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It’s a pandemic, not pandelympics

By Sinem Bilen Onabanjo
23 May 2020   |   4:04 am
We all have that one friend. I know I do. You probably do too. The one who wakes up at 5am to iron bed linen as she finds it a form of mindfulness… No, I am not kidding.

We all have that one friend. I know I do. You probably do too. The one who wakes up at 5am to iron bed linen as she finds it a form of mindfulness… No, I am not kidding. Or the one who squeezes in a gym session every morning before getting into work. It is these women who’ve ramped up efforts to turn what should have been a good old cosy lockdown into pandelympics.

The friend who bakes every other day, having started off with easy cake recipes to ramping up to bread-making with the zest of a seasoned baker.

The neighbour who’s decided to take this pandemic induced downtime into an opportunity to learn Russian.

The woman on your survival Whatsapp group, who’s balancing working from home with home-schooling the kids nine to five.

The colleague who used to do the occasional 5K now running 5k every lunchtime.

The cousin who-keen not to put on extra pounds during the lockdown- has taken to juicing, intermittent fasting and online HIIT workouts.

The friend who’s decided that now is the perfect time to finally get to grips with Tolstoy’s War and Peace. Or the one who’s decided to start an MBA online.

As around the globe, nations slowly try to get back to a “new normal” in a bid to kick-start the economies after weeks of shutdown, and as many of us go back to work, whether back at our offices or still working remotely for the foreseeable future, these next couple of weeks may be a brutal game of keeping up with the Joneses.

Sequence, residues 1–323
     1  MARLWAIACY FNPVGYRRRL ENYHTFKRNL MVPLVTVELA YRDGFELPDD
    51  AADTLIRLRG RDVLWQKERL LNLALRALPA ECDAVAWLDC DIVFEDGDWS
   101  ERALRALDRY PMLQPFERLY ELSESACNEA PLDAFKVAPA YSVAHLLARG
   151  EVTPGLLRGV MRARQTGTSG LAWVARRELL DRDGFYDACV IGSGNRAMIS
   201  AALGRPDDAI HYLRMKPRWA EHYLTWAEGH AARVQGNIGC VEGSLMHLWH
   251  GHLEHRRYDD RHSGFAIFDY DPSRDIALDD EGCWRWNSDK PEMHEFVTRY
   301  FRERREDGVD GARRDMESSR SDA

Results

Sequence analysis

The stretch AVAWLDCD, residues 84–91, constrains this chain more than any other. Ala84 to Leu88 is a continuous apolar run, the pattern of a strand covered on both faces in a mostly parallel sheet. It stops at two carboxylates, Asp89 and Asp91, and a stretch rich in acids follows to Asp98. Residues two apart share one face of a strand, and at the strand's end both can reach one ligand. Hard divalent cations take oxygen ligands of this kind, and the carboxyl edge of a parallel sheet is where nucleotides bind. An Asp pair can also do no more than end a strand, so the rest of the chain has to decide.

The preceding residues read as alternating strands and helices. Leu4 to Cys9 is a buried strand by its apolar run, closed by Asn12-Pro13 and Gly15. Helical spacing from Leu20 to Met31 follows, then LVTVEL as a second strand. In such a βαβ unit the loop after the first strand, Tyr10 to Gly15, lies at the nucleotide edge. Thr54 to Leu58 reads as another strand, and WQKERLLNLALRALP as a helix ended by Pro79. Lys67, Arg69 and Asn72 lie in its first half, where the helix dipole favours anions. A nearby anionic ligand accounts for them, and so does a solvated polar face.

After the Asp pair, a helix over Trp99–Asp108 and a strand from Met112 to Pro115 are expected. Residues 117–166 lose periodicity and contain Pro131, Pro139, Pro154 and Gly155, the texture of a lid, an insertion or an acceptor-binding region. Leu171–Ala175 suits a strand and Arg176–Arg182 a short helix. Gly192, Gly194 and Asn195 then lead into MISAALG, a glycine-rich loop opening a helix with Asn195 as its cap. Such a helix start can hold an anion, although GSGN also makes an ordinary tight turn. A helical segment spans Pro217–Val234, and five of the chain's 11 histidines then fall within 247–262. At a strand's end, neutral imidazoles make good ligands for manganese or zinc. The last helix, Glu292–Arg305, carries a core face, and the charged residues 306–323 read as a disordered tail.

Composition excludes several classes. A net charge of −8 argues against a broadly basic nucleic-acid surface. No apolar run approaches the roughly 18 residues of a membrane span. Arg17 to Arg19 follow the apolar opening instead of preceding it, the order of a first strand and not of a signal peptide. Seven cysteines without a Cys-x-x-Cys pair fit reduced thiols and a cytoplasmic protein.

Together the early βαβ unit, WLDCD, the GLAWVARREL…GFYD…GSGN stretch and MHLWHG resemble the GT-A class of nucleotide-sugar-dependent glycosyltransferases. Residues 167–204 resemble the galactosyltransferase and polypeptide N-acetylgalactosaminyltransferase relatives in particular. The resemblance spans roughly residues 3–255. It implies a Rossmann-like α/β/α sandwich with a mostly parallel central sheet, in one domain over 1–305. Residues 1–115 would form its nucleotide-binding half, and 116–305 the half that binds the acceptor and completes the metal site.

The first few weeks of mutual compassion and solidarity have quickly turned into mutual competition and one-upmanship. Up and down the land, people, especially women- because really, isn’t it always women?- are comparing notes on how many cakes were baked, how many squats were accomplished or at best how many books they read while in lockdown. What began as a chance to look inwards and enjoy a bit of downtime spent with family has quickly turned into an opportunity to look outwards and see just how much more one has accomplished compared to other women…

A few weeks ago, a Facebook friend shared a quote which suggested that if you hadn’t read any books, done any home exercise or signed up on any courses, basically you were a failure, only with the word “failure” crossed out and replaced with “normal” adding that we are not taking a sabbatical for self-development; we are surviving a pandemic.

Different people deal with different situations in different ways. Some can barely survive this period of uncertainty while others may thrive. I recently read an article, which suggested that people that suffer from anxiety are surprisingly dealing with the current situation a lot better as they finally find their “catastrophising,” validated while the usually cheery ones are struggling with anxiety possibly for the first time in their lives.

As someone whose default setting is often the “worst case scenario”, I can vouchsafe that this period for me has been one of calm- because let’s face it, it doesn’t get much worse case than what the world is going through right now. Hence, my mind is at ease, not being able to come up with a worse case. Am I thriving? Perhaps not, but I know at least I am keeping physically fit, mentally agile and trying to fill my days, including the weekends, with productive pastimes. This, however, doesn’t mean I have now become a prolific cake baker or that I am training for my first triathlon.

Whether you’ve done any of the above or similar, or you’ve spent the last few weeks lounging on your sofa, busy saving the world, rest assured you are perfectly fine. This is a pandemic, not a pandelympics. Let’s not turn this into a yet another contest!

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